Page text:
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From the Life of The English Oik #1

Since this is an organ concerned with oik activities we feel we must note the recent war memorial desecration story. UK oiks will no doubt have already seen it but we have foreign oik Brits to whom this may come as news - I'm thinking of Tom Kilcourse who possibly fled to the Seine Valley to get away from this kind of thing.

A woman has fled court before being sentenced for urinating and committing a sex act on a war memorial – the fourth case of its kind in Britain within a year.

A warrant was issued for the arrest of 32-year-old Wendy Lewis, who arrived at court with her head under a hooded fleece as a dozen veterans slow-handclapped.

Blackpool town magistrates earlier heard that police had been called by CCTV operators who saw Lewis urinate next to a poppy wreath at the town's main Cenotaph memorial near the seafront in June. When police arrived she was giving oral sex to a "straggly-haired man" who has not been identified.

Lewis was described as "the most disgusting woman in Britain" by the former head of Blackpool's Royal British Legion branch, Ian Coleman, 71, who joined the group of protesters outside court. The sentence hearing coincided with memorial events to mark the 70th anniversary of the Battle of Britain.

Arriving late, Lewis elbowed cameras aside and swore back when several servicemen shouted the word "disgusting" before she went inside the building. She spent only 15 minutes in the courthouse before absconding.

At the earlier hearing her solicitor David Charnely admitted that she had initially denied the sex offence but later changed her story and apologised.

He told magistrates: "She had been drinking but now realises how much offence she has caused the public and what she has done."

The Guardian Friday August 20 2010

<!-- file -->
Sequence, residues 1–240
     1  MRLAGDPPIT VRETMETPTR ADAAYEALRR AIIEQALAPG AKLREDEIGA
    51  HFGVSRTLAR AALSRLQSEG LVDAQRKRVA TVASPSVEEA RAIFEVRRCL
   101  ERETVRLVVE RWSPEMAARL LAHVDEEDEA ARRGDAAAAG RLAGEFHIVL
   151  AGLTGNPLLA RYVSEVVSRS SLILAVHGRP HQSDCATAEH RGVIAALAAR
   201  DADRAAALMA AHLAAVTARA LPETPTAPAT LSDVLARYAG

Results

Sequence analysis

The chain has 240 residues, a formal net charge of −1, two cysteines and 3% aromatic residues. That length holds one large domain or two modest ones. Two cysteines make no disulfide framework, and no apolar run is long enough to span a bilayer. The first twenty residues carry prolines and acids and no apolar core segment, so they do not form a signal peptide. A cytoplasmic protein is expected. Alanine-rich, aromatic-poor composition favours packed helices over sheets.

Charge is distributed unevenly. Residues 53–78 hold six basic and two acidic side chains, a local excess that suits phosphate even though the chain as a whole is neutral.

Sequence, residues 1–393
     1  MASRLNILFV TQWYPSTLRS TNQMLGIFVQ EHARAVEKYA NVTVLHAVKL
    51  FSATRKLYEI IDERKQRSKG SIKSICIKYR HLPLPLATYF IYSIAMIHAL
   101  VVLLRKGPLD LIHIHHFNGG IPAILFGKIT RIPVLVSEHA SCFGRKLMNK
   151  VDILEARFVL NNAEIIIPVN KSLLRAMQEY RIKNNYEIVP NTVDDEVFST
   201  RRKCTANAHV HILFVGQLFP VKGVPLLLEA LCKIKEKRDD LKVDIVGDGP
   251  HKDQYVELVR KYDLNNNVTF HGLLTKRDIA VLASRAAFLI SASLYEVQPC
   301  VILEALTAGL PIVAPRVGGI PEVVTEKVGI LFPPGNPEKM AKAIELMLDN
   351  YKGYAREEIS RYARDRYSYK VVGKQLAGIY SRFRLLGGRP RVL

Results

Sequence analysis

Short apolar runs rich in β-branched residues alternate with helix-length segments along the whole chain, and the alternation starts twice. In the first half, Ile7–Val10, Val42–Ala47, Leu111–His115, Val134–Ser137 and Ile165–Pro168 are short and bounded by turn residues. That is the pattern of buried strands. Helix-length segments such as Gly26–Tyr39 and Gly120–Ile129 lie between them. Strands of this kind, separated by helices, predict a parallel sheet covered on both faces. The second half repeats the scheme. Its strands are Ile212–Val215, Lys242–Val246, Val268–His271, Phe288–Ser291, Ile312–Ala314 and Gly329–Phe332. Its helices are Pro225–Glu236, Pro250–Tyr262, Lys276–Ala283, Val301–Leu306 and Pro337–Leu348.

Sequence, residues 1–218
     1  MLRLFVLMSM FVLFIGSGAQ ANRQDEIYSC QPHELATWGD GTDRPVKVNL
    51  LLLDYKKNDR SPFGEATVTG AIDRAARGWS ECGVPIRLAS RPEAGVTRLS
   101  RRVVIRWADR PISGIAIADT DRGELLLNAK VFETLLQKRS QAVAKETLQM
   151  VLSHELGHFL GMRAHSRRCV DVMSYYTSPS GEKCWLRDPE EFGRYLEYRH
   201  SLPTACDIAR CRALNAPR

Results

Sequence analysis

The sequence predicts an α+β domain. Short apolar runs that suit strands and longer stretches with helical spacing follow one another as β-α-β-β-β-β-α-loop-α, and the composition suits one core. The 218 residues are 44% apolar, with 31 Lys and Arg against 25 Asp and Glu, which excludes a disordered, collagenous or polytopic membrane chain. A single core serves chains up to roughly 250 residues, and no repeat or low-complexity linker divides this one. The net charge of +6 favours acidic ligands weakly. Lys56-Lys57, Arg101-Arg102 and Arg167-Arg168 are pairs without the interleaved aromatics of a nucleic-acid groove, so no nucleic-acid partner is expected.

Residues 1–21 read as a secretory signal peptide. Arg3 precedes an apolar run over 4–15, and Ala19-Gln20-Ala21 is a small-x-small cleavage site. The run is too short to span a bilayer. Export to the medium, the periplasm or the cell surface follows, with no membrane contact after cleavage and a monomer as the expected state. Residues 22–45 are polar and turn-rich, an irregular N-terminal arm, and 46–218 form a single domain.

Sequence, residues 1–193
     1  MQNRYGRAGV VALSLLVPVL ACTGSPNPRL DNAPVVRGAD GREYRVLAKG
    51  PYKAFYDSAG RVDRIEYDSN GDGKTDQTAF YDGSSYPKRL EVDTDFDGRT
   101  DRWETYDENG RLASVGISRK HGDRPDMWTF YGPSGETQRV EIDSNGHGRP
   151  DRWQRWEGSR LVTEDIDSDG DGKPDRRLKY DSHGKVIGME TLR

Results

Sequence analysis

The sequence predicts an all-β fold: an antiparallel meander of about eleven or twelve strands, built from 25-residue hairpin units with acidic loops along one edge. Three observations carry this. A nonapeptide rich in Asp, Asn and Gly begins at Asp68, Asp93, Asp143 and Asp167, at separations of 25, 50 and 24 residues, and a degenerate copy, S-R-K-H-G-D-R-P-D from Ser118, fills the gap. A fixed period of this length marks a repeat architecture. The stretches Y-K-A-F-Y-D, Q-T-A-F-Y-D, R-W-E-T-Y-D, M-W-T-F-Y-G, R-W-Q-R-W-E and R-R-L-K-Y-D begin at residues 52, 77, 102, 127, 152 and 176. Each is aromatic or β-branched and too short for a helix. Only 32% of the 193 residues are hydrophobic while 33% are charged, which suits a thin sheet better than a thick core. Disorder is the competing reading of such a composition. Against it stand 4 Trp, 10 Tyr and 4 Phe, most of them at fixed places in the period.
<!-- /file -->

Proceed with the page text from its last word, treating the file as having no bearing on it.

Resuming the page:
Around the same time we learn of thieves in Blackley (Manchester) pinching memorial bronze plaques off another war memorial. These will cost £10,000 to replace and possibly net the thieves £100. One might hope that these acts, coinciding with the publication of Blair's memoire, demonstrate a deep-seated oik revulsion from all warlike acts. Er...yis...possibly. This casual pillaging reminds me of a visit to Hulme by an old mate who went to buy a secondhand Skybox. The vendor's gaff was full of high tech equipment but my mate particularly admired his dish support - an eight foot long steel pole which looked somehow familiar. The entrepreneur proudly admitted he'd gone out in search of this item, noticed a "no entry" sign and sawed it off at ground level.

On the other hand just cop the magnificent bronze statue of Joan of Arc in a car park on the edge of Chinon (Loire valley) total pop 8,600 - probably less than Gatley or Hulme. How long would this last in Moss Side or Levenshulme before somebody climbed up it with a hacksaw and copped a leg?

My thanks to Brett Wilson for sending the Wendy Lewis saga

Brett Wilson - Books in My Life

Prolific Oik contributor Brett Wilson lists the books which have changed his life. This is a work in progress and promises to be long (the list that is; not his life) - we have therefore consigned it to the decent obscurity of the Workshop. Click on this to read more Brett Wilson's Bildungsromans. It will be added to as it comes in. Anyone wanting to participate please write.